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Low Birth Weight Linked to Highway Proximity

Posted by Chrissie Cole
Wednesday, August 13, 2008 12:03 AM EST
Category: Major Medical
Tags: FDA and Prescription Drugs, Premature Birth, Pregnancy, Infants and Children, Highway Pollution

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IMAGE SOURCE: © iStockphoto / mom and newborn / author: iDerLander

Affluent pregnant women that live near highways are more likely to deliver low-birth-weight, pre-term or small babies, say Canadian researchers in a newly released study.

The study found disproportionately high associations between mothers living close to a highway and birth complications among affluent mothers, said Dr. Mélissa Généreux, study author and resident physician at the University of Montreal.

Using data from the Quebec birth registry, researchers at the University of Montreal looked at medical records of nearly 100,000 single births that occurred in Montreal from 1997 to 2001.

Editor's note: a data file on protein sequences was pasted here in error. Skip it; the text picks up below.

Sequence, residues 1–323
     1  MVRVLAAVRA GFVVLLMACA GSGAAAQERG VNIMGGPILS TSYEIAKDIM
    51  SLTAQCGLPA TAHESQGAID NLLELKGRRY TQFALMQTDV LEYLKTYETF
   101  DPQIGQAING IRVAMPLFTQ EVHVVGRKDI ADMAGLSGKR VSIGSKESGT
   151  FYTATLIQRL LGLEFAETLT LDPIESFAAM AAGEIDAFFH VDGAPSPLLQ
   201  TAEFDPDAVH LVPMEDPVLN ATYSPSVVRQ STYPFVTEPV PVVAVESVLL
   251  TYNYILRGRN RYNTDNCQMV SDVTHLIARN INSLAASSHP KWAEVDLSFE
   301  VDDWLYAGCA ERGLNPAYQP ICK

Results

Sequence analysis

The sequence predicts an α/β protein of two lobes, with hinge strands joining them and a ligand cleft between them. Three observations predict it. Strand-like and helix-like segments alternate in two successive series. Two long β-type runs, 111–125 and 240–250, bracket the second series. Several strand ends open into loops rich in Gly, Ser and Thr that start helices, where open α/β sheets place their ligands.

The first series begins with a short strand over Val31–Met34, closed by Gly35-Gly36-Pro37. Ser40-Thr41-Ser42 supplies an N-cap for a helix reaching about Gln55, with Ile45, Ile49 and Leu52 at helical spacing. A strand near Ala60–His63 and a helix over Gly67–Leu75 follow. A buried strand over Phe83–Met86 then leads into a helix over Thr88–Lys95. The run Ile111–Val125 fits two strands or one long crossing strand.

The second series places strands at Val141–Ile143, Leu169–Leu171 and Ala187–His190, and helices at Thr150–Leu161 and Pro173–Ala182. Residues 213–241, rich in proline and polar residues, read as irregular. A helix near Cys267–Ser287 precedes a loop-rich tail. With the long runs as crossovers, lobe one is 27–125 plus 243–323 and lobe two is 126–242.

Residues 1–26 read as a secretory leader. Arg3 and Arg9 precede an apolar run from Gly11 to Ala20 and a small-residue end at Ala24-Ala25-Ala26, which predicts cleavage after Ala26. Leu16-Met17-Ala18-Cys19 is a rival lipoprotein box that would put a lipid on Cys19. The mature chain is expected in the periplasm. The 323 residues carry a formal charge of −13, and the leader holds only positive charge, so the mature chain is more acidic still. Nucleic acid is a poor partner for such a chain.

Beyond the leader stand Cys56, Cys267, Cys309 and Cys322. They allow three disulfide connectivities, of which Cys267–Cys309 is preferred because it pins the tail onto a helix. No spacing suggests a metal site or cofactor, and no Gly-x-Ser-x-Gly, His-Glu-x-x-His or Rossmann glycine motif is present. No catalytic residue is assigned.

Researchers calculated the distance between mothers’ addresses and the nearest highway and used census data to determine their education and socioeconomic levels.

The study found that living in an wealthy neighborhood within 220 yards of highway was linked with a 58 percent increased risk of pre-mature birth, an 81 percent increased risk of low-birth-weight and a 32 percent increased risk of the infant being small for gestational age, compared to mothers who don’t live anywhere near a highway.

Researchers theorize another possibility – for many moms, living in close proximity to a highway may become a chronic stressor, as it creates noise pollution and therefore affects the mother’s well-being and emotional state of her unborn infant.

The study, Neighbourhood Socioeconomic Status, Maternal Education and Adverse Birth Outcomes Among Mothers Living Near Highways, is published in the August issue of the Journal of Epidemiology and Community Health. #


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